She idolized her special agent, and he had inappropriate feelings towards her that he didn't act upon in the original run of the show. But when she was in a coma and he had the opportunity, he took advantage of it and raped her. These two things are so irreconcilable, that she more than anyone else had a reason to invent two Coopers in order deal with the trauma. Laura Palmer did the same thing to deal with Leland being her rapist. So, we could in effect have two interlocking dreams created by Audrey and Laura to live with how the men they looked up to and trusted betrayed them in the most horrible of ways. Maybe?

    EDIT: And to be clear, I in no way think there is a neat and tidy solution. It's always a hazy mixture of different explanations with Lynch. However, I do feel that if Frost/Lynch decided to show us explicitly that one sequence was Audrey's dream, then it seems likely that at least some other bits are too.

  12. I feel like Bad Coop's path to the sheriff's station is important.


    He arrived there by going through a portal into a movie theater and was then fed through a tube into the movie screen. This movie world he went into was the cartoonish world of old Twin Peaks. "What is this?" he asks. This is where the bad Lucy jokes exist and where Andy walks around with a picnic basket. Even when Lucy shot Coop, it punctuated by Truman's hat doing an absurdly silly hop atop his head and Lucy delivering a punch line to the running phone gag. I think Lucy's terrible characterization this season may have actually been a deliberate choice to mock the squeaky clean style of the old show.

    It is only through this travel from The Return to old Twin Peaks that the two Coopers were able to meet, because they don't actually coexist in a single world. At least not in sense of two separate entities who could run into one another on the street. It was then through the collision of these two worlds that we get the more realistic character of episode 18. 

  13. 2 hours ago, plasticflesh said:

    Perhaps that's what Freddy's magic garden glove does. Not destroy BOB, but distribute his essence into the ether to be mixed into everyone's spirits.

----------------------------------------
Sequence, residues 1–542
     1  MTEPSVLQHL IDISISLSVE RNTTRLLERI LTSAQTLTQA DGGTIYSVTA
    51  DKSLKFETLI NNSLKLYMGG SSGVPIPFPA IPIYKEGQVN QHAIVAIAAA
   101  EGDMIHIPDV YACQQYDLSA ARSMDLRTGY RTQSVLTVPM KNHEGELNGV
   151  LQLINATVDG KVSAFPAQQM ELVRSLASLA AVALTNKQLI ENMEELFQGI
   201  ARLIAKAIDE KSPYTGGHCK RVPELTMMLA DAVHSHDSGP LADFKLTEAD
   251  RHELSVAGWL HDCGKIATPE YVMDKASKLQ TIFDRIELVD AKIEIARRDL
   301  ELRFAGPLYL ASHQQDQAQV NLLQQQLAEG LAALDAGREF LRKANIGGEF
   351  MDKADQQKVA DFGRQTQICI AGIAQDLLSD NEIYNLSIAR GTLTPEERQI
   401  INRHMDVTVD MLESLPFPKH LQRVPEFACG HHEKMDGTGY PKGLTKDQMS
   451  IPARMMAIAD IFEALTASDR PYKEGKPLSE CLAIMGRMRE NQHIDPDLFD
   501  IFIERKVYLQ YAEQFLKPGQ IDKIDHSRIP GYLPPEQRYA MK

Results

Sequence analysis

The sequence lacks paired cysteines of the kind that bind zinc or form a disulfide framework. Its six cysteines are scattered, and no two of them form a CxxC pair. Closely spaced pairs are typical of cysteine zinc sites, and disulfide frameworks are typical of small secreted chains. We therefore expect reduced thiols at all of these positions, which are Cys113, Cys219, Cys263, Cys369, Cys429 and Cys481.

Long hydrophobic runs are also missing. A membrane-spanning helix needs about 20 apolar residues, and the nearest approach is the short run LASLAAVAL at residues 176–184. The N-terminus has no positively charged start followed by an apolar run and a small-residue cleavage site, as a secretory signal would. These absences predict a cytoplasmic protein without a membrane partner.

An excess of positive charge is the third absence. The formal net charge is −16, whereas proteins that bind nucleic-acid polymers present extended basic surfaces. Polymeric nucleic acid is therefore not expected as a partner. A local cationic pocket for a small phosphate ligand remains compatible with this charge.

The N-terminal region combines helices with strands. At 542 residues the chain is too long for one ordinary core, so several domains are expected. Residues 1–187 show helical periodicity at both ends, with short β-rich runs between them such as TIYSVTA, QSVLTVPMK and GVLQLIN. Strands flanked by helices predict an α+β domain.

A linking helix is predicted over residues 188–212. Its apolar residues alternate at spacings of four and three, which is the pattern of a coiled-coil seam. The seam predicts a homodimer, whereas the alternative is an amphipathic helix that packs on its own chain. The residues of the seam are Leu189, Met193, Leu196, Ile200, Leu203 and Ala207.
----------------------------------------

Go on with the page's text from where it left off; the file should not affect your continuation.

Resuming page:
This is in line with my reaction. The over-the-top battle between a gloved superhero and a giant evil orb was such an on-the-nose showdown between good and evil that I think it felt more like the destruction of the stark and binary distinctions between good and evil rather than the destruction of evil itself.


    3 hours ago, plasticflesh said:

    The eerie sex scene between Diane and Dale, played to the lyrics of My Prayer by The Platters, resonates with the episode 1 sex scene in front of the glass box that invokes the Mother. Both sex acts were invocations, or sacrifice rituals. 

    And with episode 8 where that song was played on the radio before the DJ's head got crushed to bits. And with the overhead shot of Becky's face in the car when she gets high with her abusive husband and I Love How You Love Me plays. And with Diane's story about Cooper in episode 16. And it takes place in a motel that brought to mind where Leland went in FWWM. Oh, and the way the song faded in and out was odd and not unlike the Otis Redding song when Norma and Ed got together. Gosh, this is all a lot to deal with here.


    I also noticed that this took place in room 7 shortly after the importance of the number 8 shown.

  14. 4 minutes ago, anoldtoilet said:

    No, because Diane was raped in her house, and the sexual encounter we saw took place in a mysterious motel and then a different mysterious motel. 

    Well sure, but it was after they had kissed once before and certainly seemed coercive and not like something Diane wanted to do. So much of the world was off and altered at that point that I don't think a change in location rules it out.

  15. 2 minutes ago, anderbubble said:


    But she's played by Mary Reber, who apparently literally owns the house in real life.





    Dose that mean that part of the show exists purely in TV land, and another part exists in place that combines TV land with reality? Like how Jim Belushi is an actor, but Monica Bellucci is just Monica Bellucci? I mean, probably not.

  16. So, I think episode 17 was the most deliberately reductive good versus evil superhero fight imaginable, and episode 18 argued that such a dichotomy doesn't exist. The Cooper of episode 18  was neither good Coop nor bad Coop, he was just Coop. And he used his power to force Diane to have sex with him. I think when the evilness of Bob was destroyed, it was actually the false dichotomy of good and evil being destroyed giving us a world where everyone is both.


    Or at least that was what my gut was telling me was happening on an emotional level. I can justify it at all, and I need more than a couple of minutes to figure out what the fuck I just saw in terms of actual plot.

  17. Just finished episode 17. I can't fucking believe that Bad Coop was defeated half an hour in by a callback to the terrible Lucy phone jokes and a shaky cam punching battle with a floating orb. And then a bunch of Back to The Pilot time travel? My instinct is to say that this was all rather stupid, but at least it's a unique and interesting brand of stupidity. 


    On to episode 18, I guess!